Friday, November 16, 2012

Most ocean species remain undiscovered

 New species of carnivorous sponge, Chondrocladia lyra from the deep-sea off California.
C. lyra is called the harp sponge because its basic structure, called a vane, is shaped like a harp or lyre.
Each vane consists of a horizontal branch supporting several parallel, vertical branches.

From OurAmazingPlanet

Scientists recently created a complete catalogue of all known marine life.
While 226,000 species have been described, there may hundreds of thousands more hidden in the deep.
While the ocean is still a vast unknown, scientists believe that most of the sea's undiscovered species will be found by the end of the century.

Up to a million species live in the seas, and two-thirds of those ocean-dwellers may still be undiscovered, according to a new study that also cataloged all of the known species that dwell beneath the waves.

Blue Sea SquirtCredit: WoRMS Photo Gallery / Paulay, Gustav, 2010
The bizarre Clavelina moluccensis, looks like a bouquet of iridescent slinkies. 
The blue sea squirt lives on dead coral from Australia to the Mariana Islands, and filters nutrients from water passing by.
The creature was first described in 1904.

The findings, published today (Nov. 15) in the journal Current Biology, suggest that the oceans remain a vast, uncharted territory.
The new registry could help guide marine conservation efforts by giving scientists a universal way to describe the underwater creatures.

Glowing jellyfishCredit: WoRMS Photo Gallery / Collins, Allen G., 2012
The stalked jellyfish Haliclystus californiensis lives between depths of 33 feet (10 meters) and 99 feet (30 m) below the waters off the California coast.
Unlike other members of its genus, the bright red sea creature has horseshoe-shaped anchors and prominent glandular pads on its outer tentacles.

"If you want to understand life on Earth, then of course you need to know what life there is on Earth," said the study's lead author, Ward Appeltans, a member of the Intergovernmental Oceanographic Commission of the United Nations Educational, Scientific and Cultural Organization (UNESCO).
"If you want to protect the ocean you need to know what you want to protect."

Wavy Sea SlugCredit: WoRMS Photo Gallery / Paulay, Gustav, 2010
The sea slug Chromodoris kuniei ransoni lives in the islands off the remote archipelago in French Polynesia.
The species was first discovered in 1930.

Appeltans began assembling a European list of sea life in 1999. In 2007, his team decided to expand the effort to encompass all of the world's marine species.

Ubiquitous CrustaceanCredit: WoRMS Photo Gallery / Chan, Tin-Yam, 2010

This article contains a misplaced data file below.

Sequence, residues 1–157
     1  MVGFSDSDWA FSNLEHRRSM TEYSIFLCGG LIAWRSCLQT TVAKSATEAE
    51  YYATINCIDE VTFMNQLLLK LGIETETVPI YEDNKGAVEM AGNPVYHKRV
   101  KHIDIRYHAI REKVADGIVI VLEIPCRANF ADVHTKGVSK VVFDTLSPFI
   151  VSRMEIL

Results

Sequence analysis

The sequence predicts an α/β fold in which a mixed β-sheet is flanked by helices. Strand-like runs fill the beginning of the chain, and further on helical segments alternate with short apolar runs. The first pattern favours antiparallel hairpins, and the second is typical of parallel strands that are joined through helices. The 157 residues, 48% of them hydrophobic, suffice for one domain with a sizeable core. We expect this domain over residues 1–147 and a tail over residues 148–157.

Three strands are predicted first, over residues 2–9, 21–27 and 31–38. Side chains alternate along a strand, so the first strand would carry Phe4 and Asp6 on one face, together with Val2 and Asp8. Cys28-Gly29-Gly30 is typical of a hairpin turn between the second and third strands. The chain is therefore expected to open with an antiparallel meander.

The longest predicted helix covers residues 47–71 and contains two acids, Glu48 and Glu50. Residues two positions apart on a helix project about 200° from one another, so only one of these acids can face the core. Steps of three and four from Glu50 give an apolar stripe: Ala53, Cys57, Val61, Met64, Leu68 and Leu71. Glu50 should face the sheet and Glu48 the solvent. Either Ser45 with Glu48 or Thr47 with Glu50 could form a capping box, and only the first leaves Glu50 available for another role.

This specimen of Crenarctus bicuspidatus was collected from shallow waters off Taiwan in 2010.
The crustacean, first discovered in 1905, inhabits oceans from South Africa all the way to Japan.
It is often found in shallow waters and prefers sandy seabeds littered with broken shells and dead coral.

It was a massive undertaking.
Appeltans and colleagues contacted more than 250 world experts on marine life to catalog all known species.
"When there's a child that's born you need to go to city hall and register the name of the baby, but when you create a new species the only thing you need to do is publish a paper in an official journal," Appeltans told OurAmazingPlanet.

Pelagic Sea HareCredit: WoRMS Photo Gallery / Paulay, Gustav, 2010
This colorful sea slug was first discovered in 1825 off the coast of New Guinea by French naturalists Joseph Paul Gaimard and Jean René Constant Quoy.
The Stylocheilus longicauda lives in warm waters amidst brown algae and rarely ventures close to shore.

As a result, many species names were duplicated.
"For every five species that were described, two were described before," he said.

So far, the team has cataloged 226,000 species, excluding marine bacteria.
Another 65,000 are waiting to be described in museums and collections.
By using a computer simulation, Appeltans and his team concluded that between 700,000 and 1 million species live in the sea.

Anywhere from one-third to two-thirds of sea life has not been discovered yet, by their estimate. Most of those hidden sea creatures are probably crustaceans, mollusks, worms and sea sponges, they said.

The new database, called the World Register of Marine Species (WoRMS), fulfills deep human curiosity, Appeltans said.
"It's in our nature that we want to know what exists on Earth," Appeltans said.
"We want to know what's out there in our oceans."

But beyond human curiosity, an orderly system for categorizing marine life may also help scientists conserve endangered species or keep track of medicinal chemicals derived from ocean dwellers, he said

Links :
  • DailyMail : The mysterious undersea creatures seen for the first time as researchers say a third of marine species are still unknown to science

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